How does this happen? How often does this happen? might be a response to the earlier post citing Waddington’s experiments, in which variation that originated as an appropriate response to environmental circumstances became more or less fixed over time in a population. To answer the “how often” question, researchers have to be looking for examples, and to look for examples they not only have to be motivated but to have a model of what they are looking for, that is, an idea of how it happens. First, how it happens in my view, then in the view of Waddington and others.
Consider some acquired character, moreover one that is an appropriate response to the environmental stress. Likely there will be a range in responsiveness. Moreover, the developmental paths to the “same” response will typically differ among individuals. If there is any survival and reproductive advantage to greater responsiveness, the offspring of matings in the population will come to concentrate in a subsection of the space of developmental paths. We can expect that eventually some individuals in that subspace of responsive developmental paths will show the character in the absence of the environmental stress. That is not always a good thing, but, if it is advantageous, the subspace of responsive developmental paths will come to include ever more of those “pre-responsive” individuals. The critical part of this process—some offspring in the “concentrated” subspace of responsive developmental paths showing the character in the absence of the environmental stress—is not as a logical matter, but as a consequence of development. No reverse transcription in individual transmission is needed in this Darwinian, population-thinking version of Lamarck.
If this is how this happens, I concede that we do not have much evidence to infer that this phenomenon is widespread in nature. However, until more researchers can conceive how it can happen, they won´t be looking for it, and so evidence for it will remain slim even if it occurs often.
There are other accounts of how this happens. In Waddington´s own terms the previous environmental induction of the characters has been taken over by a genetic switch and become “genetically assimilated” (Waddington 1961). More conventional neo-Darwinists than Waddington have obscured the implications of his experiments by inventing, without further investigation, gene-centered explanations. GC Williams, in his influential book, Adaptation and Natural Selection, attributed the fixation of acquired characters in Waddington´s experiments to a change in the balance between a fixed number of suppressor alleles and a variable number of positive alleles accumulated under natural selection. (Similarly, see Mayr 1970, 361-5.) The attention is diverted away from the non-random origin of the responses and onto the postulated suppressor or positive alleles, which presumably arise randomly (that is, without reference to the environmental stress) and are then naturally selected.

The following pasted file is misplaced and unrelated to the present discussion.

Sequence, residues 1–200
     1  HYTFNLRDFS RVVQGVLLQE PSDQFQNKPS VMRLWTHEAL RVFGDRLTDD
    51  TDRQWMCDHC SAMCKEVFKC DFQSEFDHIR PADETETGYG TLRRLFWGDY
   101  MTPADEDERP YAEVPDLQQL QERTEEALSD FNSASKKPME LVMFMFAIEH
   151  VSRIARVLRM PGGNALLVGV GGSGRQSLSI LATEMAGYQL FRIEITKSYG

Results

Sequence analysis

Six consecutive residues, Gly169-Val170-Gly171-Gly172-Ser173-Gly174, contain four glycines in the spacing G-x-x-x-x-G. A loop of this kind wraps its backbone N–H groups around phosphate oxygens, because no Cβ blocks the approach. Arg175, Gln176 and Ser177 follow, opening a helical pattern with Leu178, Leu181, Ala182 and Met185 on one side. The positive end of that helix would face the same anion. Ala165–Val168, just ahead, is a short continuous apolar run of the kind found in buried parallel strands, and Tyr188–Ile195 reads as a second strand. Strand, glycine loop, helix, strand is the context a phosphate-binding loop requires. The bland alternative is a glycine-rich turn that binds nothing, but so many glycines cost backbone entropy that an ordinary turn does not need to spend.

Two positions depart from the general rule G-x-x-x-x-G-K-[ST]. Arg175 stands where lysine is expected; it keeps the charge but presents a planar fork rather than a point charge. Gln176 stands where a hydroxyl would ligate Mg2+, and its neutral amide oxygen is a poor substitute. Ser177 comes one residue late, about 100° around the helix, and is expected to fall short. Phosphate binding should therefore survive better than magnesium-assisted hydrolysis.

The random origin of characters and the conceptual separation of origin from their change in frequency in a population makes it difficult for evolutionary theory to give significance to the structured activity of organisms during their lifetime, something that may influence the direction of change in a population. Addressing that blindspot is important whatever the answer turn out to be to the question of how often variation that originated as an appropriate response to environmental circumstances becomes more or less fixed over time in a population.
This post is adapted from P. J. Taylor, “Historical versus Selectionist Explanations in Evolutionary Theory” Cladistics 3: 1-13,1987.
Mayr, E. 1970. Population, Species, Evolution. Cambridge: Harvard University Press.
Waddington, C. H., 1961. Genetic assimilation. Advances in Genetics, 10: 257-290.
Williams, G. C. 1966. Adaptation and Natural Selection. Princeton: Princeton University Press.